The University of Maine was recently ranked 49th in The Princeton Review’s “Guide to 399 Green Colleges” for 2018. This study claims to evaluate how sustainable a college is based on information supplied by students and administrators.
The Princeton Review considered 2,000 schools in this project. The top 50 were deemed capable and dedicated to the task of training the next generation of leaders that will be responsible for placing green ideas into practice.
The process for gathering information for this study began with a survey issued to university administrators that asked about students’ quality of life in terms of health and sustainability, how well the school prepares students for employment in a green economy and how environmentally responsible the school’s policies are.
Student opinion also went into deciding the university rankings. Students rated how sustainability issues influence their education, how the administration supports environmental awareness and conservation efforts and the impact of student environmental groups.
The Office of Sustainability is a key player in sustainability initiatives at UMaine. According to the office’s mission statement, “The Office of Sustainability is committed to working with all UMaine constituents to reduce the environmental footprint of the campus through ongoing education and outreach efforts.”
Director of Sustainability Dan Dixon agrees with the Princeton Review’s ranking and sees it as a great accomplishment for UMaine.
“This is the ninth-consecutive year that UMaine has been featured in the Princeton Review’s list of Top Green Schools. It takes a concerted effort by all campus constituents to achieve a Green Score of 96 or more … We should all be proud of our achievement,” said Dixon
There are many clubs and programs on campus dedicated to the ideals of sustainability and making UMaine greener, many of which are new. Such groups include the Green Campus Initiative, Divest UMaine, UMaine Greens, Green Team and the student-run community supported agriculture share program Black Bear Food Guild. Some of these groups have helped establish new campus-wide initiatives like the composting program and Zero-Sort recycling.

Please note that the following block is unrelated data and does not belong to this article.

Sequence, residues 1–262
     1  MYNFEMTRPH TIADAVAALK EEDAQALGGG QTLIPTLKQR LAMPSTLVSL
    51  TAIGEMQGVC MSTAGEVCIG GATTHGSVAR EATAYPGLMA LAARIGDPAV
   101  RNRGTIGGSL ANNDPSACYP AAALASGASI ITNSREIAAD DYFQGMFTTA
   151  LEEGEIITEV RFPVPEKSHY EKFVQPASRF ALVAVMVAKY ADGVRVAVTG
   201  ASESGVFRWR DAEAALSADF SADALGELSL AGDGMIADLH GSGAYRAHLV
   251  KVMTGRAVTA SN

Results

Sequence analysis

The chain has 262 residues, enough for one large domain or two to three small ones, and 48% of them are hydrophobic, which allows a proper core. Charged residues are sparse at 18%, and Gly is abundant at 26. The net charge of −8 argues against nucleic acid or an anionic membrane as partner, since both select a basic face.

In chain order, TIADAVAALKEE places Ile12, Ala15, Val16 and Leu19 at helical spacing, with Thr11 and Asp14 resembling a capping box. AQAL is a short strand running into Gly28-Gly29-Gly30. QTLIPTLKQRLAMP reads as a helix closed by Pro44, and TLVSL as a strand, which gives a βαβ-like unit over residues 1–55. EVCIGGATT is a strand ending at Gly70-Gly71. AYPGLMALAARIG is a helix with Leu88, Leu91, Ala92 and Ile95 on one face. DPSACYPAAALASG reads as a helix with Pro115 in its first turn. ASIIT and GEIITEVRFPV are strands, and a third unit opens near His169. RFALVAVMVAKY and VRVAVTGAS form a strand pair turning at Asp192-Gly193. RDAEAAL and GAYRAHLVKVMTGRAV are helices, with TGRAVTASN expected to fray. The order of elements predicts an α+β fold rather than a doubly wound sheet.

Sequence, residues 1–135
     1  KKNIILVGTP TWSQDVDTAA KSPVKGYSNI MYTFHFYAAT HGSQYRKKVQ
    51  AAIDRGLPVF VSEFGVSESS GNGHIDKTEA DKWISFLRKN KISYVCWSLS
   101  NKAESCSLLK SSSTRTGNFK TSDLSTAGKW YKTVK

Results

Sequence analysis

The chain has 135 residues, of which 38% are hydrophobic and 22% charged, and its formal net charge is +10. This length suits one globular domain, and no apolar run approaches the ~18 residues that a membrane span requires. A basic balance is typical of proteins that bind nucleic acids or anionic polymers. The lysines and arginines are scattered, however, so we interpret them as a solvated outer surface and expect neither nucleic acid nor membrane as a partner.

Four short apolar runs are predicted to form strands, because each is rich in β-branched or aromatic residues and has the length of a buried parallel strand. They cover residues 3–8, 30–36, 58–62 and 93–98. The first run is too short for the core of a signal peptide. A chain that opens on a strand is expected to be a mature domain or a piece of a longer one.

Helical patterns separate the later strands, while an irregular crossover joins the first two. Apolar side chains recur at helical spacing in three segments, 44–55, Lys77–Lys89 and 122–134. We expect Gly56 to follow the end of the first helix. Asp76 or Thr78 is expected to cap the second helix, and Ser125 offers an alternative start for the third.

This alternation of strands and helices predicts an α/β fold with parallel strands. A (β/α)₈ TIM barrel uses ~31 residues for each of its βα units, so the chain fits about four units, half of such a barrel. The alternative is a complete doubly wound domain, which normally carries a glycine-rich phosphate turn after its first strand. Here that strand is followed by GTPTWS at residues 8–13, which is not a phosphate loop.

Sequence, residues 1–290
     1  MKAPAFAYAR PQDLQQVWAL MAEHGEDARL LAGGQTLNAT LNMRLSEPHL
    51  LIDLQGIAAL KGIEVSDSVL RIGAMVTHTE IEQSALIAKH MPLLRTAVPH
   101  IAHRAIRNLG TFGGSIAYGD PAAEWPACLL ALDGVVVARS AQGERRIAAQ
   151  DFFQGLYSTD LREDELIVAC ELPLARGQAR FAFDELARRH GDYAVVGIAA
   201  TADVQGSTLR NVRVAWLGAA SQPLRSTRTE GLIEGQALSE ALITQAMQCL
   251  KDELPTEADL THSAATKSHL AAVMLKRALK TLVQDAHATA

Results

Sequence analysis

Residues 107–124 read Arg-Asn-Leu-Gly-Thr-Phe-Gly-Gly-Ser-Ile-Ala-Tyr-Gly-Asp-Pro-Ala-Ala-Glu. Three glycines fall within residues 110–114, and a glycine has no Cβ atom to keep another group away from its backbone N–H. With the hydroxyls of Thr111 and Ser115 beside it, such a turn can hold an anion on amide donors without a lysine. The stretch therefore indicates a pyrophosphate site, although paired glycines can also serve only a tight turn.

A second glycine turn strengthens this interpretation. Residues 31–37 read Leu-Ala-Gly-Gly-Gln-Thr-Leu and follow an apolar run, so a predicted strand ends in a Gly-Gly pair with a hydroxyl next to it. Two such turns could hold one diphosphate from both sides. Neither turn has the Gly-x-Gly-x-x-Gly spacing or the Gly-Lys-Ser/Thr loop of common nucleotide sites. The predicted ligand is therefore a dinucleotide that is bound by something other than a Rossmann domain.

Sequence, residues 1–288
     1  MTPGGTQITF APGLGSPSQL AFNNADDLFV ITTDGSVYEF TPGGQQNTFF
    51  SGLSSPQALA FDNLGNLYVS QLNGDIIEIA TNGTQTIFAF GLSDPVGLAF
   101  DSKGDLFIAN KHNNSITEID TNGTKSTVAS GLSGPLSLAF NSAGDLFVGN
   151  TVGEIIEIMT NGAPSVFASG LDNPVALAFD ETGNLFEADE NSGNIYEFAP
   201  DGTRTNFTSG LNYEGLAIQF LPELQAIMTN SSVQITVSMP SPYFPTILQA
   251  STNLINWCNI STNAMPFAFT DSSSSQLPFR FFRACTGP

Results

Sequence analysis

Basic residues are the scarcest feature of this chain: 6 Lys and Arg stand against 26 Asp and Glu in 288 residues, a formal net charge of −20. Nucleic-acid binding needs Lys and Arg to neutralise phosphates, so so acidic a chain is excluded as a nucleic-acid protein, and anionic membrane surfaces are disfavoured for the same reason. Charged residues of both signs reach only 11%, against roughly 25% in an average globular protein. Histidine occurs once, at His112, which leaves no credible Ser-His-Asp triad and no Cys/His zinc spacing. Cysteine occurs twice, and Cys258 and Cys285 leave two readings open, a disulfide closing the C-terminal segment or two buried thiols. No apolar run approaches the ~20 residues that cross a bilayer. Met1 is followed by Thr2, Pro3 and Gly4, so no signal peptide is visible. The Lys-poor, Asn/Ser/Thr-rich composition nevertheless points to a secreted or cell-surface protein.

There is also a sustainability speaker series at the Mitchell Center for Sustainability Solutions, cultural art events, outdoor programs through MaineBound and sustainability-focused living opportunities including the Terrell House Permaculture Living and Learning Center. The most recent project is a student-run sustainability-focused journal called Spire: The Maine Journal of Conservation and Sustainability.
“The UMaine Office of Sustainability will always support students and student groups who are making an effort to make the campus, and the planet, a better and more-sustainable place,” Dixon said. “There is always the opportunity to do more and improve. Next year we will focus our efforts and try to do better.”
Over the years since these programs have started, UMaine has seen immense success in the areas of sustainability research and green living, according to the Office of Sustainability.
Since 2007, for example, UMaine has reduced its Greenhouse Gas emissions by 18 percent (per weighted campus user), according to statistics provided by Dixon.
Dixon also said that, in addition, over 25 percent of UMaine researchers conduct sustainability related research, over 75 percent of departments support sustainability related research, over 60 percent of cleaning and janitorial purchases are green certified, over 20 percent of dining food purchases are locally sourced and UMaine has reduced its water usage by 20 percent since 2007.
“Facts like these are testament to the amazing effort that all campus constituents are making towards increasing UMaine’s environmental consciousness and improving the sustainability of our campus. We continue pushing to improve these figures each and every year,” Dixon said.
UMaine was the first college in the country to offer a sustainable agriculture program. Eric Gallandt, a professor of weed ecology, works with almost all of the sustainable agriculture groups on campus.
Gallandt feels that given UMaine’s history of being a pioneer in sustainable agriculture among universities nationwide, we could be doing more. Sustainable agriculture on campus now faces problems such as poor infrastructure, low staff and a low budget. Nevertheless, he remains optimistic.
“There’s a lot of possibilities regarding local food; there is a continued interest in it and it will not go away anytime soon,” Gallandt said.
He said he has hopes to add more greenhouses and eventually improve infrastructure to better represent the sustainability of our campus.
“There are great students who are committed in the sustainable agriculture program, and sustainability is a great place to be in,” Gallandt said.